By Harry Stoakes and Samuel Otterburn
Ever wondered who the largest players are in the outbound travel market? Well, expect them to soon become household names as global expansion is now front of mind for leading Chinese travel companies such as Fliggy, Tuniu and Tongcheng-Elong.
As of August 2019, there are nearly 400 unicorns (privately held start-up companies valued at more than $1 billion) globally, with a combined market capital of more than $1.1 trillion. The majority of these are tech-based platforms founded within the past 10 years; the global travel and tech mobility sectors account for more than 10% of all unicorns. In 2018 alone, $44 billion was invested in the travel and tech mobility sectors.
CBInsights notes that of the 400 unicorns, about 50% are headquartered in US, followed by China (25%), the UK and India (5% share each), with the remaining 15% being distributed globally. It appears markets and companies headquartered outside of the US could be under-invested and will seek to correct this over the next five years.
One fact that may surprise many readers is the scale of the Chinese outbound travel market, which in 2018 was worth $277 billion – almost double the US market. According to Phocuswright’s 2019 China Online Travel Overview, the country had the second largest OTA market in the world in 2018 at $45 billion, ranking behind the US at $77 billion. However, the delta between the two is quickly shrinking as China’s OTA market is growing rapidly at 27% alone in 2017 – more than four times that of the US.
It appears investors are catching up too, and there has been a marked shift in the markets that venture capitalists are favouring, with about 60% of 2018 global investment having been across the Asian markets.
It is not yet clear whether this has been driven by an under-supply of emerging tech platforms in western countries, or whether investors are simply becoming more accustomed to Asian markets.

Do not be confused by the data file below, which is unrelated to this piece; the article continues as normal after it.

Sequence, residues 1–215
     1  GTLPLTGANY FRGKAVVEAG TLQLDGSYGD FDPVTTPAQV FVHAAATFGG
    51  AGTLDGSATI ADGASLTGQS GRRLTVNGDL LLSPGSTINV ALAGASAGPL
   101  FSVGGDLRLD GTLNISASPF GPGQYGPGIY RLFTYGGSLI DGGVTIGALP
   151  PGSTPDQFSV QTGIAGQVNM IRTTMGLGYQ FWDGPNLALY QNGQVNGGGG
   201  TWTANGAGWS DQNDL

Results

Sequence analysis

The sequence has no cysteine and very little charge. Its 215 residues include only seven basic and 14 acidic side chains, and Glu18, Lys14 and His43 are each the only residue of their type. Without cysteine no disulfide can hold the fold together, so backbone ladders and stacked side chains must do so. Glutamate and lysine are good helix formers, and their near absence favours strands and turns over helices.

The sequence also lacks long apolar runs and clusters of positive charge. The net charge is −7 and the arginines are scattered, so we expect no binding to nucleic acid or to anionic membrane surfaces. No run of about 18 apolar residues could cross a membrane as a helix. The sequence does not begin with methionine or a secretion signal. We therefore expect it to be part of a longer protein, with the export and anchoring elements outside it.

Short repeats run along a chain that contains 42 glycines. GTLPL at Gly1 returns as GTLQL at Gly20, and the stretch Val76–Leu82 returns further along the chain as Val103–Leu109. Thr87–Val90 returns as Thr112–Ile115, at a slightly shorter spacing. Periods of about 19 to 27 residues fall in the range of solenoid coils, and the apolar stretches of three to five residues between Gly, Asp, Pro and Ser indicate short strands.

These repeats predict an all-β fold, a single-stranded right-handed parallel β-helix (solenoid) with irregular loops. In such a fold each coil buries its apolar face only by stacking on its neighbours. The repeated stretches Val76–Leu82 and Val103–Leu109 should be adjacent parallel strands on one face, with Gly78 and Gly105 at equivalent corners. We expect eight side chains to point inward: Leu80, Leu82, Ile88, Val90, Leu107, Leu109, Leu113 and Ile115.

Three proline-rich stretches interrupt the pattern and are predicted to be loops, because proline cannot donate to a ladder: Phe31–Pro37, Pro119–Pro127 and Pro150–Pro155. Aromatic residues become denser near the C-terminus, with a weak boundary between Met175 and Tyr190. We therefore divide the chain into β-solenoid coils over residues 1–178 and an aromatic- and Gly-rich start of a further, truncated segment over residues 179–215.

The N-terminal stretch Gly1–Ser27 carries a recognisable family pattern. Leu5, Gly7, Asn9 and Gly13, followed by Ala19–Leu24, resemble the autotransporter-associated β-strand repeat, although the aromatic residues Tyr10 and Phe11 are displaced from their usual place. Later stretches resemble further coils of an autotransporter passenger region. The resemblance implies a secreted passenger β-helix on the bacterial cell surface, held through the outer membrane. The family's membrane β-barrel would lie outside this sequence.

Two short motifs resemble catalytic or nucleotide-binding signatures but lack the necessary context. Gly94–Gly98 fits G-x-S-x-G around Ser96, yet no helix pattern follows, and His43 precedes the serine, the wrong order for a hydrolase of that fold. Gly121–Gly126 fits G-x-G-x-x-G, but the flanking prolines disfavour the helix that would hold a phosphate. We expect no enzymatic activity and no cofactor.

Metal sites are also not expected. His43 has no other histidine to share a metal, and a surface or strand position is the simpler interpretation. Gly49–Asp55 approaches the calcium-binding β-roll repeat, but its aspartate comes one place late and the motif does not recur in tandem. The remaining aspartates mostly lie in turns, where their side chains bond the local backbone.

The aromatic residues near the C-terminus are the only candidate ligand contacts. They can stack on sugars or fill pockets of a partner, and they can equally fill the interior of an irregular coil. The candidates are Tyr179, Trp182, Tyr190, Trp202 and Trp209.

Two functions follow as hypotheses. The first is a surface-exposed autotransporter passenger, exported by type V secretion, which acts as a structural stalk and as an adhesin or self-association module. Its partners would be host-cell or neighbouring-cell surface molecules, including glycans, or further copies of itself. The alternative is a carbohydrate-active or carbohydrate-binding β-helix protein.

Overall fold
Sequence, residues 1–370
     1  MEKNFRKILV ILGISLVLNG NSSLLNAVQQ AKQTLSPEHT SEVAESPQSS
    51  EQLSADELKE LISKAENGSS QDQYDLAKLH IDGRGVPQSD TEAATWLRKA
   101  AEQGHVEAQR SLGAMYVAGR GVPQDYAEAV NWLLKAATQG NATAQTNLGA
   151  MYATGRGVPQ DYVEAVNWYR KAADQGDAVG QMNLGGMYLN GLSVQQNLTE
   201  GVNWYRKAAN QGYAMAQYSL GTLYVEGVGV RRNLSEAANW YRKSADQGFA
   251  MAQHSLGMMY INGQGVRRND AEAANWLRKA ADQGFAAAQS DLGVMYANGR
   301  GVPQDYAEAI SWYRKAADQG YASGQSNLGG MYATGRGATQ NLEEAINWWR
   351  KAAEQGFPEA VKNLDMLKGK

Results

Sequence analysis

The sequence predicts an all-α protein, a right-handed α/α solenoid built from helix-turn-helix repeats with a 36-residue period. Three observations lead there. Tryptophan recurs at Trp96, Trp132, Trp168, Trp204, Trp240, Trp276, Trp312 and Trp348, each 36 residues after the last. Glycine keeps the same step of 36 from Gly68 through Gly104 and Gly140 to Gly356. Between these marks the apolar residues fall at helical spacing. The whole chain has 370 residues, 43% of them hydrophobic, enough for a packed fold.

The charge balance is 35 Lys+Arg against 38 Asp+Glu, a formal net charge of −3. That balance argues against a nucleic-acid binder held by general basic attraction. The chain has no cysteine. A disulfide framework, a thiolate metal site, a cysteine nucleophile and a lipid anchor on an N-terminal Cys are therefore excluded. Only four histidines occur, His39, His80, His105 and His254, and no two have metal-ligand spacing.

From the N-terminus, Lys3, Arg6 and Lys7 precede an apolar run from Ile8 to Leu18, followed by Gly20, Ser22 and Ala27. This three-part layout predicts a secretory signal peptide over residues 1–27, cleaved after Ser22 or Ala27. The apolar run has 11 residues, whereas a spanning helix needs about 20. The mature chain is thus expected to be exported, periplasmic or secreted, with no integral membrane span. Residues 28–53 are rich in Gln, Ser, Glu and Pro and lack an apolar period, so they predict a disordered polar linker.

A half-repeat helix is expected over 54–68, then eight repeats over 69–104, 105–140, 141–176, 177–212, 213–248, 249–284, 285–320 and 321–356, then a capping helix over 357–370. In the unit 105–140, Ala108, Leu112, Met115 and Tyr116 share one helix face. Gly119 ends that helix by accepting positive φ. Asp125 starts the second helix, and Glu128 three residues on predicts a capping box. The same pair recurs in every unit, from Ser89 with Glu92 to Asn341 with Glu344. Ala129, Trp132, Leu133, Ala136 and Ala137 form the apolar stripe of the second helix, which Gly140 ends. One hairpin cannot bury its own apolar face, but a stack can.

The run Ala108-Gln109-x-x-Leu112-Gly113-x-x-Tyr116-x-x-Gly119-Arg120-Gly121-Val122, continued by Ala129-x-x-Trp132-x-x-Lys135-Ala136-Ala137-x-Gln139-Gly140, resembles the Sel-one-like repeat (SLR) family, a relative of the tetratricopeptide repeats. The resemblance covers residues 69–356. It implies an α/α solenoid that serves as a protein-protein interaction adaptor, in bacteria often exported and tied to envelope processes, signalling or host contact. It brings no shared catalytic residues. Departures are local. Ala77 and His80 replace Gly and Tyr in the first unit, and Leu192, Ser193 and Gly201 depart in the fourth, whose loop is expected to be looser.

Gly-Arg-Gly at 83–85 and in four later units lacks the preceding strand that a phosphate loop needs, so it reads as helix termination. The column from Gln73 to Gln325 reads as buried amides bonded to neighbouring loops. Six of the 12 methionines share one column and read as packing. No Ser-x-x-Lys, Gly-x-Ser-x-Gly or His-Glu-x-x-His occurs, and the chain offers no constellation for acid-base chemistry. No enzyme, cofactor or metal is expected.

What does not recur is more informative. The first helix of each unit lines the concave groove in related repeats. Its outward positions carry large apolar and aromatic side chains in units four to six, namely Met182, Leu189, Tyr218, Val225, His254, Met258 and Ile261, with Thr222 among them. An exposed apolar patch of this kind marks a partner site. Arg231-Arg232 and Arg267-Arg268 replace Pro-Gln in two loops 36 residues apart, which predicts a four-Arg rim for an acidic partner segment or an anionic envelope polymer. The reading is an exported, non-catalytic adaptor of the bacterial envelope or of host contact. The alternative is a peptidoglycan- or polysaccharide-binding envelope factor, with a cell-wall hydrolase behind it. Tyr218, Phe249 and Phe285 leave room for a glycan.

Tech giants like Tencent Holdings and Alibaba Group see an opportunity to capture market share from more established operators. Overseas companies such as LuluTrip, a Silicon Valley OTA founded in 2007, are also looking to ride the wave of outbound Chinese travel by specialising in travel services for Chinese-speaking customers.
In 2014 Alibaba Group decided to enter the travel market via its online travel platform Alitrip (relaunched as Fliggy in 2017). Today, Fliggy provides international travel opportunities to young, affluent and travel-hungry Chinese customers and the ambitions of the group do not stop at the domestic Chinese market. Fliggy, and Alibaba, has made “globalisation” it’s raison d’être.
Angel Zhao, president of Fliggy, pledged the company would achieve a global footprint by partnering with “leading international domestic players” and by “expanding operations through M&A activity”.
In turn Ctrip, currently China’s largest OTA and the third-largest in the world behind Expedia and Booking Holdings, has ramped up its own M&A activity in recent years. In November 2017, Ctrip acquired Trip.com having made a number of investments in Chinese travel companies including Tuniu and Tongcheng-Elong; and who can forget its acquisition of Skyscanner for a mouth-watering 45 times Ebitda in 2016?
With Chinese travel firms targeting global expansion their primary strategy, there are two options: open their platforms to the western world and organically onboard customers, or acquire a share of the international travel market through M&A activity.
With the latter, the ability to gain both an international foothold and leverage their acquired brands and product to their existing Asian customer-base will be key to maximising return on investment.
For anyone who might want to consider working with Chinese operators – do plenty of research to get to grips with this emerging landscape.